Project Description: Different measures are taken to ensure the quality of the OSCE and to reduce possible, rater variance. Firstly, examiners and SPs who are responsible for the same OSCE station discuss and review each item on the checklist and ensure therefore standardization. Secondly, every station is statistically analyzed to detect rating differences between raters. By this means stations with statistically significant rater differences are identified. However with this analysis it isn’t possible to identify the problematic items. Therefore we, thirdly, analyze rating differences on each item of the “problematic” station.
Outcome: The results of the analysis are reported to the person responsible for the OSCE. This person informs all raters and SPs who are involved in the station with rating differences. Possible causes which lead to the differences are discussed (different understanding of the item, different performance of SP, ambiguous item wording) and measures are taken to eliminate them.
Challenges: Differences in OSCE outcomes can never only be explained by differences in raters or SPs. They can also simply be explained by differences in student’s performances. There is always a chance that all low-performing students are, by coincidence, assigned to the same floor. Nevertheless it is important to reduce differences due to this specific OSCE procedure.
Discussion: The analysis undertaken to ensure quality of the OSCE and to reduce rating differences are constructive. Raters in particular are eased by the knowledge of possible causes for the differences in their rating and are motivated to decrease discrepancies. Moreover this practice ensures that OSCE items are continually reviewed and improved.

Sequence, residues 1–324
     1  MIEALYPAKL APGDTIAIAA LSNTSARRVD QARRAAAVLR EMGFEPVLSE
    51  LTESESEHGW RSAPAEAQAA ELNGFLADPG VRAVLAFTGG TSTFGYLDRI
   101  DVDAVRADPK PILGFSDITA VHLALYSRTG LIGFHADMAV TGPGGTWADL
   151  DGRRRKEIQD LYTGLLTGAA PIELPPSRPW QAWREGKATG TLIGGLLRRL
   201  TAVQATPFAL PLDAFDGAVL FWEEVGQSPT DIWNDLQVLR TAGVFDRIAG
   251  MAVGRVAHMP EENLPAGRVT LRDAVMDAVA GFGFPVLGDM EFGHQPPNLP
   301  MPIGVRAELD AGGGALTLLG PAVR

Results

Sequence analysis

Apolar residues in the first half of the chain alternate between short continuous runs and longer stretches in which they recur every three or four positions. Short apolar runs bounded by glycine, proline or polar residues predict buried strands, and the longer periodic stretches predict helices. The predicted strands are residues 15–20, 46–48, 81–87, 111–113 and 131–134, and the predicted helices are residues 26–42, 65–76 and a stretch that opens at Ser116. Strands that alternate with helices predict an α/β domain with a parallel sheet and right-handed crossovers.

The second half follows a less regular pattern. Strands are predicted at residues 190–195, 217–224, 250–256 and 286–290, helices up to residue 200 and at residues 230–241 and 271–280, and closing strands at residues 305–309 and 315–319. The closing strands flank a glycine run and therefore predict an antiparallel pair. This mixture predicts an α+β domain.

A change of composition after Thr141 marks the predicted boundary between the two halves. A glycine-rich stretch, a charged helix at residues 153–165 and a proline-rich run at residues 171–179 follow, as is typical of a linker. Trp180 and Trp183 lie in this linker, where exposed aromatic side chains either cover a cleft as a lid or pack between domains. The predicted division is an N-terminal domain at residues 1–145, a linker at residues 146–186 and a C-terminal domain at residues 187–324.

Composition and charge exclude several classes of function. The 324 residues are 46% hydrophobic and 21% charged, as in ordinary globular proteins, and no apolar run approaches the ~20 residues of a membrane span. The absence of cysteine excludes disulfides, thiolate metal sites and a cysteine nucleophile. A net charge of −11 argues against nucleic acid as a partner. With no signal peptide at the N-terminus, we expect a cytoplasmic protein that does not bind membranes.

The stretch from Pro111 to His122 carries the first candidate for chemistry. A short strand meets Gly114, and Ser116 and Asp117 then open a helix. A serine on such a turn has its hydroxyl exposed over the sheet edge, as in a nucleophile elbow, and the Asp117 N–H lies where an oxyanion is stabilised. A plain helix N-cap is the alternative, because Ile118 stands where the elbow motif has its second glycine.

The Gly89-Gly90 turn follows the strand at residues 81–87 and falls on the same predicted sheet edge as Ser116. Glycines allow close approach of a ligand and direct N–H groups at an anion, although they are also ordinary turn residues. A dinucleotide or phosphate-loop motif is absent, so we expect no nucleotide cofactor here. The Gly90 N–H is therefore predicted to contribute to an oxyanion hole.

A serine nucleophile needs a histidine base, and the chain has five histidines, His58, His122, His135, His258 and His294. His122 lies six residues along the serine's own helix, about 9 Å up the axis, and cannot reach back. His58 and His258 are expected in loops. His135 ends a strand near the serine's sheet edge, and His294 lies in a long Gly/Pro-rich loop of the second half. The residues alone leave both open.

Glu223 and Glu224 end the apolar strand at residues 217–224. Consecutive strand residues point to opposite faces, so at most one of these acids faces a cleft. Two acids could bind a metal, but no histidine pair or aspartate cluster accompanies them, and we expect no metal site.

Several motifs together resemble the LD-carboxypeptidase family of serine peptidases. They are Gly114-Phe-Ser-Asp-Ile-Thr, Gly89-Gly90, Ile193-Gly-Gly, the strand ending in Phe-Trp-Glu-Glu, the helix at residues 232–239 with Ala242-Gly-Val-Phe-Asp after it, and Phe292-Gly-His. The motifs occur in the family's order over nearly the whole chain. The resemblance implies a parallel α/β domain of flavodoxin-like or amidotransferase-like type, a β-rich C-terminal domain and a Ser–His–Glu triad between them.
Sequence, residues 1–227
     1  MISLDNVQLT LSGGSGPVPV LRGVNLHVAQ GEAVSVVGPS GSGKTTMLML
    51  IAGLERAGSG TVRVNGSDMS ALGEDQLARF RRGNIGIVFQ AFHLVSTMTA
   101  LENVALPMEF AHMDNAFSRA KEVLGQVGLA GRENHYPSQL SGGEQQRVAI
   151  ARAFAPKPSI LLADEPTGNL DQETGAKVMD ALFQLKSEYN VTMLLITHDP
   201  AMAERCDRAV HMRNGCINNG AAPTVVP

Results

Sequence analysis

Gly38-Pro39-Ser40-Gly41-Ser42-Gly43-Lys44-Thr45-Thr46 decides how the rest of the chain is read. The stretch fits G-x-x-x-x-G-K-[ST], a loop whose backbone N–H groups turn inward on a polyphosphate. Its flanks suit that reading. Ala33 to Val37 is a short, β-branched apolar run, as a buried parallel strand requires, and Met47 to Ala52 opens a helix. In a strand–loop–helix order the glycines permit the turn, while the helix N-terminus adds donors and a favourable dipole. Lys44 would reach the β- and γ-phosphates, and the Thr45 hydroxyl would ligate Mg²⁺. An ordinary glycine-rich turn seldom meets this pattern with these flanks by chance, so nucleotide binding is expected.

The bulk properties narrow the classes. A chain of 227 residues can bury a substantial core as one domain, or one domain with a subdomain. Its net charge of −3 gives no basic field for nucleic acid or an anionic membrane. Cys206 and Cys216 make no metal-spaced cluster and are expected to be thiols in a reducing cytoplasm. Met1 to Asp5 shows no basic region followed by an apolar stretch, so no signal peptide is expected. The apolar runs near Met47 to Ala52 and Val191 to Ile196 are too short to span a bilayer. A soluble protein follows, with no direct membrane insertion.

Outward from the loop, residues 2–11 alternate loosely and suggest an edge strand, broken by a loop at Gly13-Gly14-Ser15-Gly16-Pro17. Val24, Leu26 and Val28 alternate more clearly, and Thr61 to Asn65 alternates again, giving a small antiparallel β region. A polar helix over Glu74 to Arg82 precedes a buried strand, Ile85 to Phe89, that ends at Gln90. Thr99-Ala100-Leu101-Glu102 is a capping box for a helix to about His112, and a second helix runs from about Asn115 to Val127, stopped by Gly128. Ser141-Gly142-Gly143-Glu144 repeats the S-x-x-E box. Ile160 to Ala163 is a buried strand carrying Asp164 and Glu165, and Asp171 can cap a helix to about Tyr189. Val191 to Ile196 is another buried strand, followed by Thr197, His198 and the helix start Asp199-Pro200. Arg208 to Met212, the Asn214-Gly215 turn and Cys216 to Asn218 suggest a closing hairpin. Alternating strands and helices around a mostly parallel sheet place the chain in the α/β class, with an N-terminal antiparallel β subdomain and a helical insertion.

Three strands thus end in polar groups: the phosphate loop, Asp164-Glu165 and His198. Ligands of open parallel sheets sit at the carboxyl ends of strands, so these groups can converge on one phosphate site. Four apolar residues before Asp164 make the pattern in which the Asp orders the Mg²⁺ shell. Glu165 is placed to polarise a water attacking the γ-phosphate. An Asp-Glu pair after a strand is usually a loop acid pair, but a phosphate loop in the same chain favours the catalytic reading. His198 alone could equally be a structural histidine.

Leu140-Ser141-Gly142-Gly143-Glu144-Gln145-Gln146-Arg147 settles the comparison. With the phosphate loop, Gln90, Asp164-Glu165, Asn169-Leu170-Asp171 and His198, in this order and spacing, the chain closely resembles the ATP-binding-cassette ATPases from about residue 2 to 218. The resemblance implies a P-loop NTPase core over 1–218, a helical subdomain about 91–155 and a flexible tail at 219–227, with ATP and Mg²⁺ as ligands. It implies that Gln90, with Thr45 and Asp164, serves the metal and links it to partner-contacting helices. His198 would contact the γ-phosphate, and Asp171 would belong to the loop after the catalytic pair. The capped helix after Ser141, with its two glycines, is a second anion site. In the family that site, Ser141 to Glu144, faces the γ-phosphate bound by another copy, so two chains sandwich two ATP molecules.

12:30 – 12:45 Quality Control of SP Performance in high stakes OSCEs using online software on tablet computers

Beate Gabriele Brem, Markus Dahinden, Regina Christen, Sandra Wuest, Kai Philipp Schnabel
Institute for Medical Education, Switzerland; beate.brem@iml.unibe.ch
Introduction: Since the quality of patient portrayal of standardized patients (SPs) during an Objective Structured Clinical Exam (OSCE) has a major impact on the reliability and validity of the exam, quality control should be initiated(1). At many sites SP trainer check on SP performance more or less systematically. However, the compilation and systematic analysis of the data is challenging for the most.
Project Description: In our program we constantly strive to improve and simplify our quality control for SP performance. In 2013 we developed a list of 22 items concerning the quality of SP performance. During high-stake exams on average 200 observations were made. The list was filled in on paper and digitized for analysis, which took approximately one full day of work per exam. Moreover, once lists from a different site got lost in the mail. Thus, we were seeking for a way to simplify this process.